“There is no failing or winning or losing,” she says. “This is life, Lauren. This is love and marriage. If you stay married for a number of years and you have a happy time together and then you decide you don’t want to be married anymore and you choose to go be happy with someone else or doing something else, that’s not a failure. That’s just life. That’s just how love is. How is that a failure?”
“Because marriage is about a commitment to something else. It’s a commitment to stay together. If you can’t stay together, you fail at it.”
“Good Lord, you sound like Grandma.”
“Well, isn’t that the truth of it, though?”
“I don’t know,” my mom says. “I don’t know anything about marriage, obviously. I was only married for a few years, and where is he now?”
Where is my father now? Honestly, that’s a question I rarely think about. He could have a family in North Dakota, or maybe he’s living on a beach in Central America. Or he could be in the phone book. I have no idea. I’ve never checked. I haven’t ever searched for him, because I’ve never felt as if anything was missing. You only seek answers when you have questions. My family has always felt complete. My mother has been all I’ve needed. I forget that sometimes. I take for granted her ability to guide me, to guide our family, as its one true leader.
“But the way I see it,” she continues, “your love life should bring you love. If it doesn’t, no matter how hard you try, if you are honest and fair and good, and you decide it’s over and you need to go find love somewhere else, then . . . what more can the world ask of you?”
I think about what she’s said. I don’t really know what I think, I guess. “I just don’t want you to dislike Ryan,” I say.
“Honey, I love that boy as if he was my own child. I’m serious about that. I love him. I believe in him. I want him to be happy, just as much as I want you to be happy. And I could never fault anyone for doing anything in the name of their own truth.” Sometimes my mom speaks as if she’s a guest on Oprah. I think it’s because she spent twenty years watching guests on Oprah. “When you first started dating Ryan, I liked him because I could tell he was a good person. I learned to love him because he always put you first, and he treated you well, and I trusted him to do right by you. I still believe he does what he believes is the right thing for both of you. That doesn’t change because you two say you’re not in love anymore. That’s always been who he is.”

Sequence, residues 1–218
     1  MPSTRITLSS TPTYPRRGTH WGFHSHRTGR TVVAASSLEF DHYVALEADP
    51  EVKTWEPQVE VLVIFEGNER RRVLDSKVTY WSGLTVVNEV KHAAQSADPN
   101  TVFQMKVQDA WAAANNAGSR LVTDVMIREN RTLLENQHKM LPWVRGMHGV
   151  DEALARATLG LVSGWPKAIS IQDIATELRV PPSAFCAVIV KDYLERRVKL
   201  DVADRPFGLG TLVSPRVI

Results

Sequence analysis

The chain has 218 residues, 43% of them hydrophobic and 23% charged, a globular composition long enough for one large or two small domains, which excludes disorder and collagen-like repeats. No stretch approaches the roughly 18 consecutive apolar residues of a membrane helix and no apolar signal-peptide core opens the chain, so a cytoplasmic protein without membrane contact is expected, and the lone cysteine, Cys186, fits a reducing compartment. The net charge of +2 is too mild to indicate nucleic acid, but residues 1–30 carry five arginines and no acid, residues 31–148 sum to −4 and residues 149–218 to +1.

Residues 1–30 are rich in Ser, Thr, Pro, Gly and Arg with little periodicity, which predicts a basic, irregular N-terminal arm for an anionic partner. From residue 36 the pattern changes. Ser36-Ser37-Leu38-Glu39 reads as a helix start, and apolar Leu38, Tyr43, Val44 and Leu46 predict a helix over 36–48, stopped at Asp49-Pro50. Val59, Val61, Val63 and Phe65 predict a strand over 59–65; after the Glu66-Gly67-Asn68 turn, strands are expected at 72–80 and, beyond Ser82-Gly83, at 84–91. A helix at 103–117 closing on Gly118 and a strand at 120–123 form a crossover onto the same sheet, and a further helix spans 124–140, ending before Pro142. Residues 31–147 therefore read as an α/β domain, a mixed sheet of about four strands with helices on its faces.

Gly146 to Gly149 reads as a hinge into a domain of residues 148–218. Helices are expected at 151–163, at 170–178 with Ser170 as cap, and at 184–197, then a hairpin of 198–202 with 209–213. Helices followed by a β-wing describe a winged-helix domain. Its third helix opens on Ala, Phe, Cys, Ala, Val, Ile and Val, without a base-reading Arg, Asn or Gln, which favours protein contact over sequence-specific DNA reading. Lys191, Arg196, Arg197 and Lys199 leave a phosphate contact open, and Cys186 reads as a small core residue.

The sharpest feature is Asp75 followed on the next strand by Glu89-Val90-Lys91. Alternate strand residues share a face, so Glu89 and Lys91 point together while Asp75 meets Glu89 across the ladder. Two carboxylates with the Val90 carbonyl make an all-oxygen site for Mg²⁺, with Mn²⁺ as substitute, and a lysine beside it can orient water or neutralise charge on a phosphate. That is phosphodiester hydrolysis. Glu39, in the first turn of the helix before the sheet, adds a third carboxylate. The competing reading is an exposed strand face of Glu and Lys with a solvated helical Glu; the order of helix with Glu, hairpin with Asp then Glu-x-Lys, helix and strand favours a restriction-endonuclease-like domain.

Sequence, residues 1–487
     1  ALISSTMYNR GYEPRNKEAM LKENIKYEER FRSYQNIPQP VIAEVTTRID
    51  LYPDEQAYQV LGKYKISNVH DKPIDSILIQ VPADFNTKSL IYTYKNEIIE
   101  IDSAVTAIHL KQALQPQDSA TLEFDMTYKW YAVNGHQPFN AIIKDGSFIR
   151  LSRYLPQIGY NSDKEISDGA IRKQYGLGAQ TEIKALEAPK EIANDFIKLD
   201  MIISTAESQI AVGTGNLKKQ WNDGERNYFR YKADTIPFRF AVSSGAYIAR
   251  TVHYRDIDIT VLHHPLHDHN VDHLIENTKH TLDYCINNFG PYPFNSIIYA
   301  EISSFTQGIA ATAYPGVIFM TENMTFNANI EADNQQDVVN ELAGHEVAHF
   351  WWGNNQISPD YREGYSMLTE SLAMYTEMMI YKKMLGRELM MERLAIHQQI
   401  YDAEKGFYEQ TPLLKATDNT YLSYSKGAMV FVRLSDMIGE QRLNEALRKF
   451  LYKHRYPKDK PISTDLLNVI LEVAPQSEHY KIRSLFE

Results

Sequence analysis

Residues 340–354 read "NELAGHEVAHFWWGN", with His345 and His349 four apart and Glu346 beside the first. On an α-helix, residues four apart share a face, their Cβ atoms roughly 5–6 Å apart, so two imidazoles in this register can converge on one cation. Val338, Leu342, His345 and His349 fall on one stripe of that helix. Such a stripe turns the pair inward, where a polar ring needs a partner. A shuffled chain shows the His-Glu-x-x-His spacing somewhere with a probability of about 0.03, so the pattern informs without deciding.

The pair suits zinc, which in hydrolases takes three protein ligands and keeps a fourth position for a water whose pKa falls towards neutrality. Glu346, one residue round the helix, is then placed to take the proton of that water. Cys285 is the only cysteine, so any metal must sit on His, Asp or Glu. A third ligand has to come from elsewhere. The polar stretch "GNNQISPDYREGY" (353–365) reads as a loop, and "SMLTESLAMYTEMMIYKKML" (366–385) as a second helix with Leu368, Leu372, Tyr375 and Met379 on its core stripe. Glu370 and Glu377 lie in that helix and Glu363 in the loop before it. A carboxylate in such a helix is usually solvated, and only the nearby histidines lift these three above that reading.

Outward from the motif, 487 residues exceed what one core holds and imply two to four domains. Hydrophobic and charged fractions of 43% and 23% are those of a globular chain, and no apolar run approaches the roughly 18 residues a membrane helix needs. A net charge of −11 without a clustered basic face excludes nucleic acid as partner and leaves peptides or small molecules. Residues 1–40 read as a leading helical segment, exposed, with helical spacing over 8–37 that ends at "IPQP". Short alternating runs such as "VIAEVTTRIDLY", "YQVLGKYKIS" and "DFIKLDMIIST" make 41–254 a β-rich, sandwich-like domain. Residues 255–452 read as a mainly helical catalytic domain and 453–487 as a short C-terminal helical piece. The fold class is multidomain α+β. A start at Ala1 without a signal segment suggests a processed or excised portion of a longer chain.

“So this isn’t the sort of thing where when we get back together, you won’t like Ryan anymore?”
My mom laughs and sighs at the same time. “No,” she says. “This isn’t one of those things. All I care about is that the two of you are happy. If only one of you can be happy, I have to go with blood on this one and choose you. But I want you both to be happy. And I believe you’re doing what it takes to be happy. Whether I understand it or would do the same thing in your shoes, or any of that, that doesn’t matter. I believe in the two of you.”
It’s weird how words from the right mouth at the right time can bolster you up and make you strong. They can change your mind. They can cheer you up. I’m glad Charlie spiked the punch. I’m glad I told my mom.
I can hear Charlie and Rachel come back in through the front door, and I assume that means that this conversation is over, but my mom calls out, “Give us another minute, OK?”
I hear Rachel call out, “Yup,” from the living room and then start talking to Charlie. Charlie’s voice carries louder than any of ours. Our voices might bounce off the walls, but his penetrates through them. I can hear his muffled laughing as I listen to the rest of what my mother has to say.
“Now, the one thing I am going to tell you, Lauren, is that you cannot hide this, OK? You need to be strong and be you and stop caring what people think and tell the goddamn truth. Be confident and proud of what you and Ryan are trying to do.”